In this short post, I’m going to reveal how to communicate effectively via remote media in today’s world.
Remote communication skills are more important than ever because of the current situation with the COVID-19 virus restrictions on people actually working together in a physical location.
Large numbers of people are working at home and managers are trying to manage long distance and they’ve never done it before so communication problems are likely to arise.
During the next few minutes I’ll explain some of the challenges of remote communication – and I’m going to give you some very specific suggestions on how to do it effectively.
Let’s start with the very basics. Human communication is made up of fifty five percent physiology, 38 percent voice tones and 7 percent words.
As you can see, the problem with this if we use media like texting and e-mail, we lose the 93% of the communication that is supplied by the physiology and the voice tones and these help us to accurately understand the message to somebody is trying to transmit.
This can create many different kind of problems depending on the type of communication that you’re engaged in.
Here’s the bottom line. To make up for the missing voice tones, the reader adds voice tones when they read your text.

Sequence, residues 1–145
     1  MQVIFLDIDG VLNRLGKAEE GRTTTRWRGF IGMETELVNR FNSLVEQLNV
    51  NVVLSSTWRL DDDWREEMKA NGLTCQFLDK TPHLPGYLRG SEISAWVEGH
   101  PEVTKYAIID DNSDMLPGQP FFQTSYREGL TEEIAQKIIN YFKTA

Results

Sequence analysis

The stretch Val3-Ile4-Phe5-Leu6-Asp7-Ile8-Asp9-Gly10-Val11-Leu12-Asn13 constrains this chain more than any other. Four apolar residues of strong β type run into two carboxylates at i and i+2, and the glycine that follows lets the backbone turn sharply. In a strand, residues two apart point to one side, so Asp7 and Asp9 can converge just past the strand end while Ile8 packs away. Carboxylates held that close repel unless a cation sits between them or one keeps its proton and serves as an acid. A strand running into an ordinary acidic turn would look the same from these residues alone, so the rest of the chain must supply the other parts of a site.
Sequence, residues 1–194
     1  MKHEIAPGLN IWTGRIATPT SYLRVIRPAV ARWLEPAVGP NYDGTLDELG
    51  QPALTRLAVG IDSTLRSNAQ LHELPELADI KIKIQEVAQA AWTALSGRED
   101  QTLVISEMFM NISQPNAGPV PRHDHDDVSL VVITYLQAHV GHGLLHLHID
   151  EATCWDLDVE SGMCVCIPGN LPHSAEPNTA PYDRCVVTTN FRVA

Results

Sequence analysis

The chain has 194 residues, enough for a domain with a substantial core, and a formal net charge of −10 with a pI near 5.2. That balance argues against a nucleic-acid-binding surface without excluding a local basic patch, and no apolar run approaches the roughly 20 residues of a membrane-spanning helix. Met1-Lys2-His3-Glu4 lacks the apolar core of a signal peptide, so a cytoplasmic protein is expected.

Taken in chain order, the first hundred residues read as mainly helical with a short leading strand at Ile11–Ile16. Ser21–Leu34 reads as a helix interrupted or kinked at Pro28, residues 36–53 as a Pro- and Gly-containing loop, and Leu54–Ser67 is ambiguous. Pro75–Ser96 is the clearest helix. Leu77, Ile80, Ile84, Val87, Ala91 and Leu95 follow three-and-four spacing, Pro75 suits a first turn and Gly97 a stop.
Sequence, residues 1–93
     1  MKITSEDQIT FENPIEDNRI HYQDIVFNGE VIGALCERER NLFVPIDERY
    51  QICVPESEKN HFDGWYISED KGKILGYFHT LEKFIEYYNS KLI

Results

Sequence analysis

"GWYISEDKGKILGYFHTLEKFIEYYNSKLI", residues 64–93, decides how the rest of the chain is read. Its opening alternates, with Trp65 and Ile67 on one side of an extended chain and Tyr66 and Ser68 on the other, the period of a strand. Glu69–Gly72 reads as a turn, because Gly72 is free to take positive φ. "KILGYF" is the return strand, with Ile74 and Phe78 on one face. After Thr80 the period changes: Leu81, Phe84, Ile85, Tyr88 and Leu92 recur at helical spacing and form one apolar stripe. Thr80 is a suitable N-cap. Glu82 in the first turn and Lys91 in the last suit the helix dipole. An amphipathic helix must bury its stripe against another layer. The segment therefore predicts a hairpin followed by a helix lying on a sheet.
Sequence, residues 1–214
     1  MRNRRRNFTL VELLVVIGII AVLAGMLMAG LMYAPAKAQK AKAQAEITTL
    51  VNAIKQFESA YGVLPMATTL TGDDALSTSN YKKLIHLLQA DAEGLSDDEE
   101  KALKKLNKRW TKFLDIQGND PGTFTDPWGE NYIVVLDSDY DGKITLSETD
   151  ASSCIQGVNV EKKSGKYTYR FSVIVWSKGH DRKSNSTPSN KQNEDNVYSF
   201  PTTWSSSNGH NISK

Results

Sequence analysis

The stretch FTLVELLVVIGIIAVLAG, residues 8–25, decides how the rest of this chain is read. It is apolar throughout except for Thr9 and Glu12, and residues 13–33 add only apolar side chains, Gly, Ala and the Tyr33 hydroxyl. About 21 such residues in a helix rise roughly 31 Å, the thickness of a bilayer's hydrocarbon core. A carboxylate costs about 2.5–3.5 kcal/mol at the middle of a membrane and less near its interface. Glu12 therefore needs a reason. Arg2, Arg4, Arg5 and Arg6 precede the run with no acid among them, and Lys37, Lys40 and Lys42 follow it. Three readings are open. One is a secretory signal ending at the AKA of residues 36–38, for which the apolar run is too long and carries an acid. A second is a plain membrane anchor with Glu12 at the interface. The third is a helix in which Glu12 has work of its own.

These voice tones that they use when they read your text based communication (texting, IM, or email) tend to be whatever they have in their head, the state that they’re in, the frame that they’re in when they get your text communication. They take the voice tones that correspond to what they’re thinking about and they overlay it onto the text communication that you’ve sent them.
The Impact Of Missing Voice Tones In Remote Communication
When using text only communication, the written words take on additional importance because they have to convey the entire message. You no longer have the voice tones and the physiology to help convey the message.
This can create unintended consequences, conflict and untended misunderstandings as well as undetected and unknown misunderstanding. As the sender you can be absolutely certain that you’ve said what you wanted to say in a clear way but when the receiver reads it and overlay their voice tones onto it, they get a different meaning from your message.
You can see several examples of this in the video.
The Effectivness Of Different Media in Remote Communication
The blue bars on this chart indicate how effective the sender thinks they are being, and the orange bars indicate how effective they actually are.
What we can see is that with email, the sender thinks that they’re being fairly effective, but yet they’re only being 56 percent effective. The receiver only receives the message the sender intended 56% of the time.
This means that email fails 44% of the time!
If the communication is relatively unimportant, the impact will be minor – but if it is a crucial conversation, the consequences of misunderstanding can be devastating. You have probably already been involved in at least one email exchange (or IM or texting conversation) gone horribly wrong.